And here I thought I was done with the ride… but it’s the DOW that’s going up and down this time, not me.

Have you been watching? It’s been quite the ride, let me tell you. I don’t even want to know how much I’ve lost lately.

Monday it plummeted 634 points.
Tuesday it came back up 429 points.
Wednesday it sunk again, down 519 points.
Thursday saw it swing back up again, 423 points.
Today it continued on up, but at a more leisurely pace with a gain of 126 points.

According to the papers, this was “The wildest week on Wall Street since the financial crisis in 2008”

“The blue-chip index had four 400-point swings in a row for the first time in its 115-year history.”


My To-do List

     Install 5 or 6 bulbs

     Clean up excess glue
     Tighten up fastenings
     Sand and/or resurface table top

     Fix supports
     Tighten up fastenings

Glass Cabinet:
     Install1 light bulb
     Clean up glass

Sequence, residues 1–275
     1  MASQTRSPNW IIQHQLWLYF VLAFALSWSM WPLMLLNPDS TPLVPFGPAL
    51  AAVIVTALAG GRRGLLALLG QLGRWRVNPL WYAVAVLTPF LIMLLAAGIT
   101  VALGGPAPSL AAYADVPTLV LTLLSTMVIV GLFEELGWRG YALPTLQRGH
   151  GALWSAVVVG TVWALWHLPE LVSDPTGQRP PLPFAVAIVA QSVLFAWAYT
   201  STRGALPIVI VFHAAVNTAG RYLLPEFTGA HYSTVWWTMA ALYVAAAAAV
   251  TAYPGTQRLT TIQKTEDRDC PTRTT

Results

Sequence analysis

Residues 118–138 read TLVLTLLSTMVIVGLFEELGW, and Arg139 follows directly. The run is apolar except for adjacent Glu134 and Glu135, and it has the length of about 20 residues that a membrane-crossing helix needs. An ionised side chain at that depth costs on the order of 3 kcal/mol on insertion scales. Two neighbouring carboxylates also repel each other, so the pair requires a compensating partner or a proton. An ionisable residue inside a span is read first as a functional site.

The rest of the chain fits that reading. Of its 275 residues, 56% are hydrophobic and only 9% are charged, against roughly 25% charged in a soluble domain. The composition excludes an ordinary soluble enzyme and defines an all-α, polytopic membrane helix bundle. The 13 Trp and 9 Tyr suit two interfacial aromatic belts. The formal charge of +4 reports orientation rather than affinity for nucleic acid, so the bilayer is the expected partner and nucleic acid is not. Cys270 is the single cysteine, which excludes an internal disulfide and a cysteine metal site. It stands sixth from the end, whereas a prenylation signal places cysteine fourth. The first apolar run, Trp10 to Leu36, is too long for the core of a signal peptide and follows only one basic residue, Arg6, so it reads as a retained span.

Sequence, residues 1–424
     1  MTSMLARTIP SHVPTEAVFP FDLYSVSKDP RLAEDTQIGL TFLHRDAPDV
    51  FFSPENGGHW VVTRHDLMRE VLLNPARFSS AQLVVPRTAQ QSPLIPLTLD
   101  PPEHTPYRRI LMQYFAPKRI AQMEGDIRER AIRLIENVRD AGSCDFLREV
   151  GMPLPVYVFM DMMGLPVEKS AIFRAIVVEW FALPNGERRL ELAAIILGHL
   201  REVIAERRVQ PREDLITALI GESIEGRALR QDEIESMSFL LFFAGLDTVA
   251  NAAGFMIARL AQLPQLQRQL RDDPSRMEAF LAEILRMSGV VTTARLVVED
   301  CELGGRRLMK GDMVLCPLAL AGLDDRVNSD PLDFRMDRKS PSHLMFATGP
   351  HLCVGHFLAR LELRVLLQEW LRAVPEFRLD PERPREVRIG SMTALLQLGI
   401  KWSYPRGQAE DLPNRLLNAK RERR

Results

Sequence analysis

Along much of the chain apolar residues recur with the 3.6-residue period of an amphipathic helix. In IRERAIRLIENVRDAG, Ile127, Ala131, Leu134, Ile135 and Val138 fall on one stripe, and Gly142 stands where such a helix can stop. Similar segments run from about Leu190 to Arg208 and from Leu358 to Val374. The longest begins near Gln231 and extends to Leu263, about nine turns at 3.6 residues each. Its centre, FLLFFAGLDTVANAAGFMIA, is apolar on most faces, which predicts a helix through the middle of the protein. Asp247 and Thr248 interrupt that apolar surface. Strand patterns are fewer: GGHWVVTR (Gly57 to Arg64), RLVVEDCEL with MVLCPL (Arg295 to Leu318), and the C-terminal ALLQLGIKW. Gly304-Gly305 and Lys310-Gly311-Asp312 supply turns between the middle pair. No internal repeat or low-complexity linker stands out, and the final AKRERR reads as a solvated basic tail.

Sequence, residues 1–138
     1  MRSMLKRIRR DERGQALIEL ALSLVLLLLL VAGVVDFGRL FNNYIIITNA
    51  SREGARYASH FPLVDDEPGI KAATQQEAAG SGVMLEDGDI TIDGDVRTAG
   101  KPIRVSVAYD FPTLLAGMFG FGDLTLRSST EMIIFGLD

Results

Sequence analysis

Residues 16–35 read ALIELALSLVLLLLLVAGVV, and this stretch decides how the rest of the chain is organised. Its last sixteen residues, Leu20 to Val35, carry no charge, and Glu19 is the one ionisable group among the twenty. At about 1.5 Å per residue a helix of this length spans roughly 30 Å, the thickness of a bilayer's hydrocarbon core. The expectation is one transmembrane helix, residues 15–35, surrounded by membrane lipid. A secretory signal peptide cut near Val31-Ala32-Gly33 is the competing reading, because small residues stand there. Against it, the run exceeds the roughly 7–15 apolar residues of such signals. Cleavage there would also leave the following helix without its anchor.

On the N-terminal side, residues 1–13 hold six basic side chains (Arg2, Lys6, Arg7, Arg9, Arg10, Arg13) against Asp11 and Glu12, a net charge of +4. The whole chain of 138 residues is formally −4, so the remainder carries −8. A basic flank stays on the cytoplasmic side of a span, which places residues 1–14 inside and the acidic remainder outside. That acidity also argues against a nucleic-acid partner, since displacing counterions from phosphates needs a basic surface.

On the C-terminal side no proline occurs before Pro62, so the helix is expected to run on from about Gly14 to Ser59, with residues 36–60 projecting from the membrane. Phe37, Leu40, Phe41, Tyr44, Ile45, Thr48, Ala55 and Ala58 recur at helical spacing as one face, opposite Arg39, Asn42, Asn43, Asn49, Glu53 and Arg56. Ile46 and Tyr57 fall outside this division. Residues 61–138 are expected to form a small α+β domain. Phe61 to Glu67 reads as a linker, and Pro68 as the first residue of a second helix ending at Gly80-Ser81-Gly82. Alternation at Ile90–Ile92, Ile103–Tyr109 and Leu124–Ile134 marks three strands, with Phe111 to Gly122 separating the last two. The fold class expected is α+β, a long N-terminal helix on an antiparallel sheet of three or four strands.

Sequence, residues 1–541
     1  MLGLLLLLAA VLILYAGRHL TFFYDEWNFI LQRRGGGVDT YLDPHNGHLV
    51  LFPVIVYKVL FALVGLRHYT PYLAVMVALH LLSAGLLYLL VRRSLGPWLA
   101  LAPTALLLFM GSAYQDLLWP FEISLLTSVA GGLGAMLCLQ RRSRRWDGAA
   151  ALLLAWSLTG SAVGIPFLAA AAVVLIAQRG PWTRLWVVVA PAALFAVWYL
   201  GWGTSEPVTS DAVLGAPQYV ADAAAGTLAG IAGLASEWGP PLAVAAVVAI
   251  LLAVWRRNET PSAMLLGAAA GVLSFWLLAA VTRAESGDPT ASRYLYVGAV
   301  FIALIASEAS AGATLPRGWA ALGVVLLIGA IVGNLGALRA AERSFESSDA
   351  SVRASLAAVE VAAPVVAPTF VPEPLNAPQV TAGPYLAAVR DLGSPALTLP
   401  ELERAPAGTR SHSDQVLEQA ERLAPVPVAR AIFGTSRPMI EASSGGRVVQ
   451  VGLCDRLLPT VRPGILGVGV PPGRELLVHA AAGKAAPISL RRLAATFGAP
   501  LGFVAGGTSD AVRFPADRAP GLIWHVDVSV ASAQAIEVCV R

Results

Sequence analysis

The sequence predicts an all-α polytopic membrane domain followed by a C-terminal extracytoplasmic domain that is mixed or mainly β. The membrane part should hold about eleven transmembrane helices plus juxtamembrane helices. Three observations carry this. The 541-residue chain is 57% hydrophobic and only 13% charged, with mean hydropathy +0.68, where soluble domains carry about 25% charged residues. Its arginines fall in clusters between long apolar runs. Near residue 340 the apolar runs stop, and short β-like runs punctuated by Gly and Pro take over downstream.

Arrange tea accessories
     Set up Mrs. Tea

     Make sure it’s working

     Arrange monthly kits

     Determine sturdiness
     Arrange supplies

Digital Picture Frame:
     Load photographs
     Hang on wall

     Install doors
     Paint doors

     Finish installing
     Touch up with paint

     Install shades

     Arrange accessories

     Install weather stripping around door
     Sweep floor 
     Rearrange shelving
     Break down boxes for recycling

Dining Rm:
     Rearrange shelving
     Bring in 2 bookshelves (from stairs)

     Arrange bedding in dresser

The Second Helping